The first year consists of a set of courses common to all Mechanical Engineering tracks, a social or ethics course, track-specific courses, and individual electives. In the first weeks of the programme, you put together your own individual study programme.
During the second year, you complete your MSc thesis project, preceded by a literature review and an internship, research assignment, joint interdisciplinary project, or extra elective courses. These projects are often in close collaboration with researchers at our faculty and part of cutting-edge research and development projects.
Students in the BioMechanical Design acquire a solid background in biomechanics, control systems, and mechanical design.
Working With Biological Systems
Until recently, powerful machines and robots were mainly found in industrial settings. But they are performing an ever wider variety of tasks in our society. The requirements for these systems are very different from those for industrial machines. Instead of accuracy and power, they require adaptability, safety, and a gentle touch. Physically interacting with humans out in the real world means operating in uncontrolled, unpredictable environments. Therefore, possible topics of study in BioMechanical design include robotic support systems, robot vision, and robot touch. You will learn how to design, simulate, and control robots, how to model the human body and brain as a control system, and how to create mechanisms that interact successfully with humans.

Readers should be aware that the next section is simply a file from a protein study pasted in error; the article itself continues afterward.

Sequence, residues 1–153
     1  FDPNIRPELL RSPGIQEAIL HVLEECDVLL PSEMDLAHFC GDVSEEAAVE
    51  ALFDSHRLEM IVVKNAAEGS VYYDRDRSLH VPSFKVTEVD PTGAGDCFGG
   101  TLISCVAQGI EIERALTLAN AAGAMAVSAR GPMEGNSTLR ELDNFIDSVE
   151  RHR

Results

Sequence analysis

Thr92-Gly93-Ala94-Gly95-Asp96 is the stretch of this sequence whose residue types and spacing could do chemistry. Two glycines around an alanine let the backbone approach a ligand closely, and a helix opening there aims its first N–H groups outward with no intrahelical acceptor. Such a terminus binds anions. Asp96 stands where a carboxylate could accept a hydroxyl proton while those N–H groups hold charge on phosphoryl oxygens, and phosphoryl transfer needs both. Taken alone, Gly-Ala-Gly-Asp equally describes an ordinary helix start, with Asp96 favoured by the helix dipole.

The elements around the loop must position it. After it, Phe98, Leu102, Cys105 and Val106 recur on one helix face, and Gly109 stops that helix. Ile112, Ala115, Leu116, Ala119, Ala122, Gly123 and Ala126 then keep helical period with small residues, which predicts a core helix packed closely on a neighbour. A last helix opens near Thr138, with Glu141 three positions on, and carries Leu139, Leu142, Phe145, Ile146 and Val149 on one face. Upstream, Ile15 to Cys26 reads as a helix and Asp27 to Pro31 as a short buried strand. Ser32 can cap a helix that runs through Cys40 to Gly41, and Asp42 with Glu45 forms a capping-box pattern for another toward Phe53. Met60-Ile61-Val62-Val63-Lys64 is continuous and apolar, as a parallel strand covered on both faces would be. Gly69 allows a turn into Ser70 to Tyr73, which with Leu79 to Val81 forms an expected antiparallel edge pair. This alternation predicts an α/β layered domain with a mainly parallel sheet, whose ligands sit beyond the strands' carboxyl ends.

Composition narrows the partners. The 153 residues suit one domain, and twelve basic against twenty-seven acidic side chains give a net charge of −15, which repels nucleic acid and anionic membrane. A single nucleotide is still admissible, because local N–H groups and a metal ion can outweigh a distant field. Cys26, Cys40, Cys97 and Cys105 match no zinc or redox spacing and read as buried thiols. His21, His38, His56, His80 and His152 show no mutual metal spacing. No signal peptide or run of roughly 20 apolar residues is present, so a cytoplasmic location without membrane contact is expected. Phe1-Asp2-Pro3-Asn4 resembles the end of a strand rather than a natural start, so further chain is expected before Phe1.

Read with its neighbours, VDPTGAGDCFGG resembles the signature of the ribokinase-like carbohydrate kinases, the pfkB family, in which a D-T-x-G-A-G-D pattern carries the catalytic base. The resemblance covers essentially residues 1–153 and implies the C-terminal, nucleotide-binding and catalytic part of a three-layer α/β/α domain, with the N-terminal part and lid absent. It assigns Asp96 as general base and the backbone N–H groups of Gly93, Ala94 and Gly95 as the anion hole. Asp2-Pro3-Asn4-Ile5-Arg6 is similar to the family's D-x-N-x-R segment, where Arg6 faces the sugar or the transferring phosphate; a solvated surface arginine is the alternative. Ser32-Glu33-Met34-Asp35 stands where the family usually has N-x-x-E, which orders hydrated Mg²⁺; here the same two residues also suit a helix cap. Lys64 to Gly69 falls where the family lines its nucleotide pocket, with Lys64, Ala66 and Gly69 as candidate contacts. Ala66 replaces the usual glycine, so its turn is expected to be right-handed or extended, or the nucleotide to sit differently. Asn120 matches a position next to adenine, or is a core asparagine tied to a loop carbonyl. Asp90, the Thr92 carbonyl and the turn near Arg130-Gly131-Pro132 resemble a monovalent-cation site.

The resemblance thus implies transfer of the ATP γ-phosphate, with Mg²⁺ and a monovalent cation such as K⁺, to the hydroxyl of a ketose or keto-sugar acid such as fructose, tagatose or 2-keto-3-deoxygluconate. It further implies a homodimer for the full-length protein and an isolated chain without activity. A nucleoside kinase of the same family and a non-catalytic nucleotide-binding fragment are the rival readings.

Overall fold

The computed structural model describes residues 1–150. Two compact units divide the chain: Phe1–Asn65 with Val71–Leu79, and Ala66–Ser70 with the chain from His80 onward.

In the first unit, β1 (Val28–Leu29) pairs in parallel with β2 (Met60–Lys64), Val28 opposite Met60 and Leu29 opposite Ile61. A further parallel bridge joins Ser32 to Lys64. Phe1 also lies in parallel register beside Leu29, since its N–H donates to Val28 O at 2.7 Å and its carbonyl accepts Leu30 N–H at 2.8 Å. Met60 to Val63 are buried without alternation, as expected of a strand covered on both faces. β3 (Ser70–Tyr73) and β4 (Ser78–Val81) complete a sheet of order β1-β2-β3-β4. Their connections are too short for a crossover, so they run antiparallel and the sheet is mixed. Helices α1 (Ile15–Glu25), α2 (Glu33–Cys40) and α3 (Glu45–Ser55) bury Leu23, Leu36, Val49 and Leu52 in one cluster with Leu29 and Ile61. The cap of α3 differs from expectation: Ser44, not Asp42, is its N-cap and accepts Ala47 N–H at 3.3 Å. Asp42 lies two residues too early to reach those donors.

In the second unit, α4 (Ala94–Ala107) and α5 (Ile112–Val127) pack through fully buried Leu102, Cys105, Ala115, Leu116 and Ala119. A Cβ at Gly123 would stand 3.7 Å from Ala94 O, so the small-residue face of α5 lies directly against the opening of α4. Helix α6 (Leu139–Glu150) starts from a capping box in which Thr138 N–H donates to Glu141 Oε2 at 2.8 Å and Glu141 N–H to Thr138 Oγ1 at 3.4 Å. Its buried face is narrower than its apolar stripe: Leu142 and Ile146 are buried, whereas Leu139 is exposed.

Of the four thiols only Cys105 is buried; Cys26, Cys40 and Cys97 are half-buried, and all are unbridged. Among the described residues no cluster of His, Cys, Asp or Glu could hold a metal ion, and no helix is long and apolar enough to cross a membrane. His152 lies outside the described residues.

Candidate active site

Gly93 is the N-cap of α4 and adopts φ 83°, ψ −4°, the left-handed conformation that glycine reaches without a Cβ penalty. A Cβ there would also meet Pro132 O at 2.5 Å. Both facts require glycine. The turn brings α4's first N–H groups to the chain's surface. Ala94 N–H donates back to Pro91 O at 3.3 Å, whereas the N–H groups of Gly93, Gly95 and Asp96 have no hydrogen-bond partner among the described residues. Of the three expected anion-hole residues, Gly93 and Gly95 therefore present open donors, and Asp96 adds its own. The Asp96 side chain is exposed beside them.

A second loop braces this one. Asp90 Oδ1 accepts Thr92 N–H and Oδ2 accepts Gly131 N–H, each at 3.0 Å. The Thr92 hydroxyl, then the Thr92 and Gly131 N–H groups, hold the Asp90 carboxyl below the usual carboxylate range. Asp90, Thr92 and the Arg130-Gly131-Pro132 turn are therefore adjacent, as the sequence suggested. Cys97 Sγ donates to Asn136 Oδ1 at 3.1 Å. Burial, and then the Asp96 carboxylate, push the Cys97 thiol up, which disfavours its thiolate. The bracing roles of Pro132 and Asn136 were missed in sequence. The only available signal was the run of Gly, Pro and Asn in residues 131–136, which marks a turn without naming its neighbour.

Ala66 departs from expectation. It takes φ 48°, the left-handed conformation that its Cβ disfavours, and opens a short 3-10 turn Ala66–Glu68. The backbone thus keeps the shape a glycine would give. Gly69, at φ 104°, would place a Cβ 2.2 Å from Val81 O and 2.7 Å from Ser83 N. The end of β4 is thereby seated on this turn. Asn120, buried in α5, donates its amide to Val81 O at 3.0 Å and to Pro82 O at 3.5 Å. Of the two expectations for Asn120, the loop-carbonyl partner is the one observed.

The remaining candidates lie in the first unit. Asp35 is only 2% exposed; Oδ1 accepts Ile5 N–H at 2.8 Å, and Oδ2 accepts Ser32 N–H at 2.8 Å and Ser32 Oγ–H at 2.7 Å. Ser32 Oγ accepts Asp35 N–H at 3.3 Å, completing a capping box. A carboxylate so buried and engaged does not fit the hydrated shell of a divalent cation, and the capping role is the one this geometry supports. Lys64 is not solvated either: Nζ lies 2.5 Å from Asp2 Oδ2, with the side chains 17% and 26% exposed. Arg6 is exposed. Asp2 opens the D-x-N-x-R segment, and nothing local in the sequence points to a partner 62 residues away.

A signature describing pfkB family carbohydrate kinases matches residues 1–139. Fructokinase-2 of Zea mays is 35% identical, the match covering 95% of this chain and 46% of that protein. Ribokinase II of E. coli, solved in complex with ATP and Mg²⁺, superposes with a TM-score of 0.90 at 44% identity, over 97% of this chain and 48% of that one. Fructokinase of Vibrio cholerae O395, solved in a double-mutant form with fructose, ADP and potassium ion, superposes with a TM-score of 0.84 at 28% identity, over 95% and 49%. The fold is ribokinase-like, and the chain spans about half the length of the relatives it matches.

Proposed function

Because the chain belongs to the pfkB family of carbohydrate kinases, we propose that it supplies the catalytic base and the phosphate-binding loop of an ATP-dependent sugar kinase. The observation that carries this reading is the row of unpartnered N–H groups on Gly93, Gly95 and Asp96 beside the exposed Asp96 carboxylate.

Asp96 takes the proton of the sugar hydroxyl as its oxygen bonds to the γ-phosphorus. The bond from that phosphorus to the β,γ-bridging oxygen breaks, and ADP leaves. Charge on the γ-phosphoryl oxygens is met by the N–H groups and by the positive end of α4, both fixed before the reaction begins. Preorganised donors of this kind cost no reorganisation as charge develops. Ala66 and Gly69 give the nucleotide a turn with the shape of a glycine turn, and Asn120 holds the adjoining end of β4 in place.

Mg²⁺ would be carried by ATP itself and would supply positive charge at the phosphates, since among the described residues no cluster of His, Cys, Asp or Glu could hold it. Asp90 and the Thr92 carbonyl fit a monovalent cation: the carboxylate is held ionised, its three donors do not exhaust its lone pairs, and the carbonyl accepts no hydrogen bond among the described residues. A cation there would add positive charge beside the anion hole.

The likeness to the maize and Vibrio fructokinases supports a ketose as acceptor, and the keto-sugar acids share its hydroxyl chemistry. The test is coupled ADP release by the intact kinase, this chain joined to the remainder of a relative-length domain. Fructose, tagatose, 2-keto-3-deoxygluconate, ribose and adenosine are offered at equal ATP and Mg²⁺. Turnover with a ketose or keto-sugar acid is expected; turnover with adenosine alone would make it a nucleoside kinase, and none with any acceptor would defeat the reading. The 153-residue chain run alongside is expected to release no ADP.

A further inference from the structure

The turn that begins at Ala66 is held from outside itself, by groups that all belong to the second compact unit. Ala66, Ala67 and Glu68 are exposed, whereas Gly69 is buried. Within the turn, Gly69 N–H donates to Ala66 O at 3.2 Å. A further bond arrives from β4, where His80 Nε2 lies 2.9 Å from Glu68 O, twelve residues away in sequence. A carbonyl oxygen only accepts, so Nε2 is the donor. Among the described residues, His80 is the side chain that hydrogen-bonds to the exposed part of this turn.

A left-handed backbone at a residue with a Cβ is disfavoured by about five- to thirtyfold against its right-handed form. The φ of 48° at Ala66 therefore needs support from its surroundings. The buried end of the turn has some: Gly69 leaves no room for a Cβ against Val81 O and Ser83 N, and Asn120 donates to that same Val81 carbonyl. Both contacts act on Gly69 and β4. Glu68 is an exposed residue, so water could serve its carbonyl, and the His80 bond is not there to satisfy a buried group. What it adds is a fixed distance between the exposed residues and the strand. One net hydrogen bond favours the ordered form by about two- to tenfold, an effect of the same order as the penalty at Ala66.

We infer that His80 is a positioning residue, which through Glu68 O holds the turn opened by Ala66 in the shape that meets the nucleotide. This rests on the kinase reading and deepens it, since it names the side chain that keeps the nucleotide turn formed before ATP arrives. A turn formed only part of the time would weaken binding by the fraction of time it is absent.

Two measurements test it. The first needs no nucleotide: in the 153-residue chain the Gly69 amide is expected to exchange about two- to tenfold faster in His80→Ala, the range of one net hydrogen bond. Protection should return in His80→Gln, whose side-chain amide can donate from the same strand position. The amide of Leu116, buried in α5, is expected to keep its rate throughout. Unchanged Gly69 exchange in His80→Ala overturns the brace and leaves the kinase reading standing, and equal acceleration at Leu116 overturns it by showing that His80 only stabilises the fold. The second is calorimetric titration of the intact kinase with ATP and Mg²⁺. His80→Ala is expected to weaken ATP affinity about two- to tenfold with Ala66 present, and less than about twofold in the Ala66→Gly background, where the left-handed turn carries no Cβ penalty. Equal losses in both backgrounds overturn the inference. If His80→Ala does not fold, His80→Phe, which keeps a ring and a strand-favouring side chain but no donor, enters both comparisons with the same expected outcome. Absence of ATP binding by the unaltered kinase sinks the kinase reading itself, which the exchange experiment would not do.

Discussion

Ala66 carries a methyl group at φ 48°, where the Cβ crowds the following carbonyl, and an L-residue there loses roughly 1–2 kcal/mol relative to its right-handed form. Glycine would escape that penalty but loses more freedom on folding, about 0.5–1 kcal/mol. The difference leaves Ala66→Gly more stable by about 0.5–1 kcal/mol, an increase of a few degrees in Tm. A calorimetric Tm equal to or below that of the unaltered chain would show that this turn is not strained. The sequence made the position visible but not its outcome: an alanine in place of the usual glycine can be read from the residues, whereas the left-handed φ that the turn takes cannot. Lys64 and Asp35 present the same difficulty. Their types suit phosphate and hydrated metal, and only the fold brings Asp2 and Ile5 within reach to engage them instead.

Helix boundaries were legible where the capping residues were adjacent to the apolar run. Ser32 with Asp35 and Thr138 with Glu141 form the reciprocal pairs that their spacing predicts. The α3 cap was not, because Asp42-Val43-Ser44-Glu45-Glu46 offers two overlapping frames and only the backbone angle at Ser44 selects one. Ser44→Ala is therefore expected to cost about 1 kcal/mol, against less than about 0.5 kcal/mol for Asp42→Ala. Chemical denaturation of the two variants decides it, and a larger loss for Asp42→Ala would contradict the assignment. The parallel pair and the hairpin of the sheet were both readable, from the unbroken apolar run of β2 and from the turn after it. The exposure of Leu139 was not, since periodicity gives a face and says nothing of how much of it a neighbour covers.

Learning From Biological Systems
Probably the greatest diversity of mechanical designs is found in nature. For each challenge posed by an often hostile environment, a wealth of solutions has evolved. Inspiration from nature drives the search for innovative solutions in such fields as medicine, rehabilitation, microsystems, and mechatronics. The study of biological mechanisms can provide the inspiration for innovative solutions to what are often uncommon challenges. You will learn, for example, how to use springs and elastic materials to make lightweight and inherently safe constructions, and how to develop mechanical systems that naturally complement the behavior of humans and other biological systems. You will gain knowledge about innovative design approaches and study methods to translate biological working principles into technological solutions.
The curriculum of the BioMechanical Design track (see table below) is structured around three core topics: biomechanics, control systems, and mechanical design.
As part of the overall Mechanical Engineering programme, students are required to take the courses Physics for Mechanical Engineers, Measurement Technology, Nonlinear Mechanics, and at least one social or ethics course.
Within the BioMechanical Design track, students follow a core of compulsory courses specific to the track. These courses deal with control system design, human-robot interaction, human motor control, and human biomechanics. In addition, all ME-BMD students follow at least two design project courses where creative mechanical design projects are conducted in interdisciplinary teams.
To complete your individual course package, you can choose from an extensive list of electives. You can, for instance, choose to specialize in topics around robotics, control, and human motor augmentation, in biomedical applications such as prosthetics and the design of medical instruments, or build on the compulsory courses with a more general set of mechanical engineering electives.